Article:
The Worldwide Governance Indicators is a program funded by the World Bank to measure the quality of governance of over 200 countries. It uses six dimensions of governance for their measurements, Voice & Accountability, Political Stability and Lack of Violence, Government Effectiveness, Regulatory Quality, Rule of Law, and Control of Corruption. They have been studying countries since 1996.[19]


International humanitarian funding[edit]

Good governance defines an ideal that is difficult to achieve in full, though it is something development supporters consider donating to causes.[20] Major donors and international financial institutions, like the International Monetary Fund (IMF) or World Bank, are basing their aid and loans on the condition that the recipient undertake reforms ensuring good governance.[1] This is mostly due to the close link between poor governance and corruption.[21]


Because concepts such as civil society, decentralisation, peaceful conflict management and accountability are often used when defining the concept of good governance, the definition of good governance promotes many ideas that closely align with effective democratic governance.[15] Not surprisingly, emphasis on good governance can sometimes be equated with promoting democratic government. However, a 2011 literature review analyzing the link between democracy and development by Alina Rocha Menocal of the Overseas Development Institute stresses the inconclusiveness of evidence on this relationship.[22]


A good example of this close association, for some actors, between western democratic governance and the concept of good governance is the following statement made by U.S. Secretary of State Hillary Clinton in Nigeria on August 12, 2009:

Again, to refer to President Obama's speech, what Africa needs is not more strong men, it needs more strong democratic institutions that will stand the test of time. (Applause.) Without good governance, no amount of oil or no amount of aid, no amount of effort can guarantee Nigeria's success. But with good governance, nothing can stop Nigeria. It's the same message that I have carried in all of my meetings, including my meeting this afternoon with your president. The United States supports the seven-point agenda for reform that was outlined by President Yar'Adua. We believe that delivering on roads and on electricity and on education and all the other points of that agenda will demonstrate the kind of concrete progress that the people of Nigeria are waiting for.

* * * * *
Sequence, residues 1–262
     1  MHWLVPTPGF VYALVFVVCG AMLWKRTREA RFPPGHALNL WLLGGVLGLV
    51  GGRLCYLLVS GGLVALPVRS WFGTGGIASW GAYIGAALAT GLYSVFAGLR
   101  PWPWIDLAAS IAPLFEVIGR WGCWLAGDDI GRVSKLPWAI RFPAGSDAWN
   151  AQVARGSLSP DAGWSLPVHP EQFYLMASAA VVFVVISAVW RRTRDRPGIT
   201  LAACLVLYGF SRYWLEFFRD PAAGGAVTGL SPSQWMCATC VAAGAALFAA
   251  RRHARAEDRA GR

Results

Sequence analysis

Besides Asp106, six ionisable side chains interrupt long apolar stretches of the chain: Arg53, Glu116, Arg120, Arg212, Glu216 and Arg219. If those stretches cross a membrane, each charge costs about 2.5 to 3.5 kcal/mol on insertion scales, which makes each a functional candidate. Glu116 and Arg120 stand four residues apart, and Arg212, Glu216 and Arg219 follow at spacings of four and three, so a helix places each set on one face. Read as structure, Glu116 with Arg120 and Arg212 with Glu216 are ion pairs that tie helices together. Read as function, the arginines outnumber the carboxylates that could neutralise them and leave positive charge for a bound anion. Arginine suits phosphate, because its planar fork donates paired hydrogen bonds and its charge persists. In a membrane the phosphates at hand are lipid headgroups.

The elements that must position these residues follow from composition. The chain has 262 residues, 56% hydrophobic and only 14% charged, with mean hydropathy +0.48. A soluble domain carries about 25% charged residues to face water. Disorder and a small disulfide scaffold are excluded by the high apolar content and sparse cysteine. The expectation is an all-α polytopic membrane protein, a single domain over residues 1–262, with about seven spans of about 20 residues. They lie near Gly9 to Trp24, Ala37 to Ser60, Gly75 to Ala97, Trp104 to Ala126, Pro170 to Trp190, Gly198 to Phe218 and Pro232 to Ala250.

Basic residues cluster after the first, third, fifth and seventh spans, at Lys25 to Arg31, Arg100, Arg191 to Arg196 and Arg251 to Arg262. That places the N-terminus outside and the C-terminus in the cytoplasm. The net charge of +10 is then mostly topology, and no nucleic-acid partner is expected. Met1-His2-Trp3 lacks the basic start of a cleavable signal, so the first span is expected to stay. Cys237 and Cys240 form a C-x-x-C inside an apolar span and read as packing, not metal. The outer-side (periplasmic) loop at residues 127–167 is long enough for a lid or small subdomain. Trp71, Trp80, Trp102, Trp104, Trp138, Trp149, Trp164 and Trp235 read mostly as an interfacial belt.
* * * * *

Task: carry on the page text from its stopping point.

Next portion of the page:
Role of political parties[edit]

Researchers at the Overseas Development Institute have criticised past studies of good governance to place too little importance on developing political parties, their capacity and their ties to their grassroots supporters.[23] While political parties play a key role in well-functioning democracies, elsewhere political parties are disconnected from voters and dominated by elites, with few incentives or capabilities to increase the representation of other voters.[23] Political parties can play a key role in pivotal moments of a state's development, either negatively (e.g. organising and instigating violence) or positively (e.g. by leading dialogue in a fractured society).[23] While differences in the electoral system play their role in defining the number of parties and their influence once in power (proportional, first past the post, etc.), the funding and expertise available to parties also plays an important role not only in their existence, but their ability to connect to a broad base of support.[23] While the United Nations Development Program and the European Commission have been providing funds to political parties since the 1990s, there are still calls to increase the support for capacity development activities including the development of party manifestos, party constitutions and campaigning skills.[23]

Scholarly approaches[edit]

Nayef Al-Rodhan, in his 2009 book Sustainable History and the Dignity of Man: A Philosophy of History and Civilisational Triumph, proposed eight minimum criteria for ensuring good national governance.[24] Al-Rodhan's eight minimum criteria are: 1) participation, equity, and inclusiveness, 2) rule of law, 3) separation of powers, 4) free, independent, and responsible media, 5) government legitimacy, 6) accountability, 7) transparency, and 8) limiting the distorting effect of money in politics. In the book, he argues that good national governance is an important component in creating a history of sustainability for the human race. For Al-Rodhan, the eight minimal criteria of good governance are expressions of the fundamental values of democracy and more liberal constitutionalism.